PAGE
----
Conservation counts at Summer Arts Academy
"It started with the windmills in Holland can't you see!
The farmers used the windmills to chop their grain for free
The people got so happy 'bout the power their wind had
That they built lots of windmills and it made the people glad!"
The "Alternative Energy Song" by teacher Laura Tovar loses something in translation when you're not singing it. But it is a funny reminder that this year's Summer Arts Academy is based on the theme "Conservation Counts!"
And it would be hard to count all the ways that the academy at Oswalt Elementary School in Walnut is pushing conservation.
There's the sunflower decorated canvas parcel bags. Then there's the "stained glass" butterflies and dragonflies.
Of course, beehives everywhere are dying out, so it's a good thing that the youngsters are trying to learn as much about conservation as they can.
Maybe one of them will come up with an idea that will stop "global warming," a popular buzzword these days.
Hannah Bowen and Kristina Tartaglini were especially proud of their brightly colored butterflies. The 7-year-old pointed out their luminous creatures on the huge bulletin board.
Classmates Sarah Ong and Nanise Royal, both 7, agreed that the summer academy was fun. Tiffany Sapiens, 8, thought the sunflower bags were especially useful.
Students in grades 2-6 wereoffered the three-week program in the Rowland Unified School District.
For $180, the kids got classes in art, singing and dancing.
An undercurrent of conservation flowed through all the fun and games. Amid all the laughs and smiles, the children were learning a lot about their planet.
"I learned that recycling is very important," reported 8-year-old Itzel Rojo.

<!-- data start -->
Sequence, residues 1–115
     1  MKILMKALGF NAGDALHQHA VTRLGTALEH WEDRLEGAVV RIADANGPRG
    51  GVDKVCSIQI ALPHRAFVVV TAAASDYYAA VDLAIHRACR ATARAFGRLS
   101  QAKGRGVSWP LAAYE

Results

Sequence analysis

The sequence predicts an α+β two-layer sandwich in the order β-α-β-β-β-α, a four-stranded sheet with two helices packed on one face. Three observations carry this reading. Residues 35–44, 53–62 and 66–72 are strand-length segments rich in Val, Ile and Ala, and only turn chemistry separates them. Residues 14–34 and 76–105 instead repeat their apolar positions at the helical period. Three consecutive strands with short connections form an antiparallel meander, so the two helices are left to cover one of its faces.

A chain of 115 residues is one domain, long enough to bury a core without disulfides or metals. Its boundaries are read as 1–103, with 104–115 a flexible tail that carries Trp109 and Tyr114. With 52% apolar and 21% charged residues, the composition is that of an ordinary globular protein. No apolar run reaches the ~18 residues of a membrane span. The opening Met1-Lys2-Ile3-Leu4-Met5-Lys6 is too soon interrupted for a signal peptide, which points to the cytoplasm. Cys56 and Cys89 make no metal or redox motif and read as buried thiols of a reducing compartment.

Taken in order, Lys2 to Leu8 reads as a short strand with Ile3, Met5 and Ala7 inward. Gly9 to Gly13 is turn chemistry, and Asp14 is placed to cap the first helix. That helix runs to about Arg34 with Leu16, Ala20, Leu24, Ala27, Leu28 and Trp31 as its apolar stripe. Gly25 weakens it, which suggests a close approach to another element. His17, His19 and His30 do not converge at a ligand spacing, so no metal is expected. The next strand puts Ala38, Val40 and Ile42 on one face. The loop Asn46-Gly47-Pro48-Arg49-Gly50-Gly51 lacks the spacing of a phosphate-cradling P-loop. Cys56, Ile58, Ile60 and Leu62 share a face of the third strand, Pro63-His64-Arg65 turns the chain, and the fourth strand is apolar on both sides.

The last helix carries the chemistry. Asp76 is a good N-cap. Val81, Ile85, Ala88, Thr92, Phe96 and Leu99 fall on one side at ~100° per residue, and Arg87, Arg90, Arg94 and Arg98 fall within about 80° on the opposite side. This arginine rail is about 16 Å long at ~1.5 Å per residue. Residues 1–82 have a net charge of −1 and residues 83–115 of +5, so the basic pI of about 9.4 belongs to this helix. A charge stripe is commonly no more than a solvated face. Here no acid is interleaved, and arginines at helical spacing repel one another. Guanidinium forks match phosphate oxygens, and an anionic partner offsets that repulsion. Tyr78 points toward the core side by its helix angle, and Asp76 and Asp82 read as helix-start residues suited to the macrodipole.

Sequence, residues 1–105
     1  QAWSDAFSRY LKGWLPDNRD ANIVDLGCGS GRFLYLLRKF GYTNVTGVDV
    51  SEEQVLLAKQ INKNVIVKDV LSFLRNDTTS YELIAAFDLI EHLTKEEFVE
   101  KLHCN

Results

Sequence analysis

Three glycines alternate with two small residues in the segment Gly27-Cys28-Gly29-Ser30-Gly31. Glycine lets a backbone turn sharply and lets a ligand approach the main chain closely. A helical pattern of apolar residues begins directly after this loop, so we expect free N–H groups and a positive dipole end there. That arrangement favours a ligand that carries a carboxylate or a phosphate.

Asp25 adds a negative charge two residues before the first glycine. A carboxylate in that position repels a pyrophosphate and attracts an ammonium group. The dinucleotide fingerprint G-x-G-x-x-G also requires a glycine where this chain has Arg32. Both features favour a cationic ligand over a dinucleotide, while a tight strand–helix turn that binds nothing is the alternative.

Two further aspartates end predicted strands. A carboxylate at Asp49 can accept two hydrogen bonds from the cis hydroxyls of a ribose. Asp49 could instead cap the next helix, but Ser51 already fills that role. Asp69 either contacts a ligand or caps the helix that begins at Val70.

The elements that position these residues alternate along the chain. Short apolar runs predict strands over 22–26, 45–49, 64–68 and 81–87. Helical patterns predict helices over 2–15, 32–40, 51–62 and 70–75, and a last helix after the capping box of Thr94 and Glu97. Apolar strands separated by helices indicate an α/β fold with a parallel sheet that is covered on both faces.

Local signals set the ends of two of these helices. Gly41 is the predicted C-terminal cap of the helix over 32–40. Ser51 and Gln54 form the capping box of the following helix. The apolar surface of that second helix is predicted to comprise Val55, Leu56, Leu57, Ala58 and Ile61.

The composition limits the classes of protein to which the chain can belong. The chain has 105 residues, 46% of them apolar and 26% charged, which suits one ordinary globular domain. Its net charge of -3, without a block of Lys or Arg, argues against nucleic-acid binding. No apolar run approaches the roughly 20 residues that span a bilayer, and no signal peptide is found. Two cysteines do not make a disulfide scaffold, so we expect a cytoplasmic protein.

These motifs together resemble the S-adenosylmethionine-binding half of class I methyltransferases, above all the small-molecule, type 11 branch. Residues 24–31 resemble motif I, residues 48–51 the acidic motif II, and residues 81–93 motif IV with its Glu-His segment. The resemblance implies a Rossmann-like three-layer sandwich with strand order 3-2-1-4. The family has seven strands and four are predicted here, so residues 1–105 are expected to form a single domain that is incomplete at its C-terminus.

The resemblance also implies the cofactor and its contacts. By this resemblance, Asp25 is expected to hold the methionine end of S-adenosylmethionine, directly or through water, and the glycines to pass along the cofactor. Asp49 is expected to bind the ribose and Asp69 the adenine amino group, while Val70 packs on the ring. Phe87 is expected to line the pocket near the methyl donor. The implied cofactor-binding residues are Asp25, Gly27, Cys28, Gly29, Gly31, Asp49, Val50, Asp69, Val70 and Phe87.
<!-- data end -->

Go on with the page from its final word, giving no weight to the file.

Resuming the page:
From 8:30 a.m. to noon, the students would rotate through the different classes. This was Earle Ousley's second year teaching at the academy.
"It's a nice change from regular school, where we are cutting back on art and music," the La Seda instructor said.
In another room, teacher Karen Blackburn led a spirited singing class.
Once again, the lyrics had been changed to promote conservation. The students were actually quite talented, belting out, "We need conservation, soon the ground will shake."
While the rest of the class sang backup, kids would come up to the microphone for solos. Gracia Soto and Candy Palencia, both 11, said the singing was "so much fun." And Christa Wallin had quite a voice for a 9-year-old.
In the big multipurpose room, class was literally hopping. Lines of children danced back and forth across the floor, performing quick-paced dance routines.
A couple enterprising dances cartwheeled across the stage. This definitely wasn't your mother's elementary class.
"Unfortunately, enrollment is down because of gas prices and the economy. Still we were able to give a lot of scholarships to deserving students," said Tovar.
The academy is busy preparing for its big Gallery Night on July 2 at 5 p.m., when the students' artwork and performing talents will be displayed.
The public is invited to attend the big event in the school at 19501 Shadow Oak Drive, Walnut.
(626) 962-8811, Ext. 2801